This is stuff that I can't seem to find in any book or on the web. Is there a "rule of thumb" for this ?

    cary
     
  13. SgtWookie

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    Have a look here:
    http://www.schematica.com/555_Timer_design/555_Timer_Free.htm

    Download it, and give it a go.
    I've been using their Timer Pro for a few years in the "demo" mode. Seems to be pretty decent.

    Where possible, I like to keep the timing cap at 0.47uF or smaller, because the larger the uF, the larger the physical size, and generally the more leakage you get. Also, it's easier to get tighter tolerance caps (like poly metal film) in the lower sizes. Aluminum electrolytic caps aren't that tight with their tolerances.

    Resistors are pretty much the same size over a wide range of resistances, until you get fairly low in resistance for the Vcc; then you need to increase the wattage rating and the physical size goes up.

    Keep in mind that if you're using the original astable configuration consisting of R1, R2 and C1, you want to keep the maximum current in R1 to be under 10mA, as pin 7's saturation voltage starts getting pretty high after 15mA, and power dissipation in the IC goes up. A minimum of 100 Ohms per volt of Vcc is a good rule of thumb there. More is even better.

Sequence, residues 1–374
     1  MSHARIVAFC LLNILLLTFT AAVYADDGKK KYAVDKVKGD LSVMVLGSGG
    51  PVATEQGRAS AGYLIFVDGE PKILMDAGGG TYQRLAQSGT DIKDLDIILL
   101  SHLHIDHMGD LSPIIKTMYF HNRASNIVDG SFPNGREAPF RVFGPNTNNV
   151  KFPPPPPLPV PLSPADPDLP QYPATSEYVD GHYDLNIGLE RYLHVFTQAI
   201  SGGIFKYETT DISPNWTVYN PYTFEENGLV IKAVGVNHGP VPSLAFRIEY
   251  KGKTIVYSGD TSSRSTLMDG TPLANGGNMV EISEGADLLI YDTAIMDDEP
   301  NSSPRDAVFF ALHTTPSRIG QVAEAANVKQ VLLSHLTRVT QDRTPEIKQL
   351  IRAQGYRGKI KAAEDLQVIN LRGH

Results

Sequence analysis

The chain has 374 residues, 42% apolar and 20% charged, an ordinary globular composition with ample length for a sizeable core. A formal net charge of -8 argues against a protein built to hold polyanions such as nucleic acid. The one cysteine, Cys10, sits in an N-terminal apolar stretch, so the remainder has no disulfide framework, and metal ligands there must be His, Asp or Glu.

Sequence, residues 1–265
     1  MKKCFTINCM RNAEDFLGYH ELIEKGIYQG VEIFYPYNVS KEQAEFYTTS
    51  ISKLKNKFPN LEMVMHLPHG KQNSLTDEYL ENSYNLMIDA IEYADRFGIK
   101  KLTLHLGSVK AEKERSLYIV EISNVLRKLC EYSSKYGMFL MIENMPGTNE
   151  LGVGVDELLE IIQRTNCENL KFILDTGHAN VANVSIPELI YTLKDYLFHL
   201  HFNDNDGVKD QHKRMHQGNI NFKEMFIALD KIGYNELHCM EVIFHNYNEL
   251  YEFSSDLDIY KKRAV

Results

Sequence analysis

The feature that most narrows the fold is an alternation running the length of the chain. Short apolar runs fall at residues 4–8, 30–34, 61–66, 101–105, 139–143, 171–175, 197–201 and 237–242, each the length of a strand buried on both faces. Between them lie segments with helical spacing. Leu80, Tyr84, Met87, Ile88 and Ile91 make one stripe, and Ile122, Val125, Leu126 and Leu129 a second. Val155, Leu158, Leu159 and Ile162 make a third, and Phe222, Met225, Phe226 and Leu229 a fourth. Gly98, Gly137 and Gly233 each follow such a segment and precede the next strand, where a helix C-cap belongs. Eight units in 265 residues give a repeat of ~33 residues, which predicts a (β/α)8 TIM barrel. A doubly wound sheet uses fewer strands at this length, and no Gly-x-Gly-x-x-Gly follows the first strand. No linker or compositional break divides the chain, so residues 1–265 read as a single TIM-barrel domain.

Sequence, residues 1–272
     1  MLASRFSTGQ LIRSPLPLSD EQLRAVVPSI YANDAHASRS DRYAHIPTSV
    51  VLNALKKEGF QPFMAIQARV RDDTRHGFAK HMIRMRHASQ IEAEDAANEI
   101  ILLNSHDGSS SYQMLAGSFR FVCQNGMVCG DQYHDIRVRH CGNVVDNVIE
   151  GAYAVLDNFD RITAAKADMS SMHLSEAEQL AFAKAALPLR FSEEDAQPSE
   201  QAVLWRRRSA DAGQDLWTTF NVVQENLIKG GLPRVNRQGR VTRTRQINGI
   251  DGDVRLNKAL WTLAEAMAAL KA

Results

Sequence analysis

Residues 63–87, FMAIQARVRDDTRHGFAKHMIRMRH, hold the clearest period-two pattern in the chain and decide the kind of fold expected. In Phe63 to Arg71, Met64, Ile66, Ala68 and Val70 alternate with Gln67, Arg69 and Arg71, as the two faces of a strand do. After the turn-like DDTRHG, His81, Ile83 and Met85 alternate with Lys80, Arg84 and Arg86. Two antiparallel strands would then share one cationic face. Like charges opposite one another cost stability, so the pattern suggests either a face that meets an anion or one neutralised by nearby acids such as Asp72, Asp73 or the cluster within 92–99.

If you start getting into really high values for R1/R2 (like >5Megs) then it's time to look at increasing C1.

    If you start getting into really low values (say, under 1k) for R1/R2, decrease C1.
     
  14. Wendy

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    Sounds good to me.

    The exception is really long time durations. You may have to have both a large capacitance and resistance. Old electrolytic capacitors tend to be leaky, which is a circuit killer. There are ways to rejuvenate them partly, or you use a newly manufactured capacitor. Interestingly, working them keeps them fresh, it is sitting around that makes them degrade over time.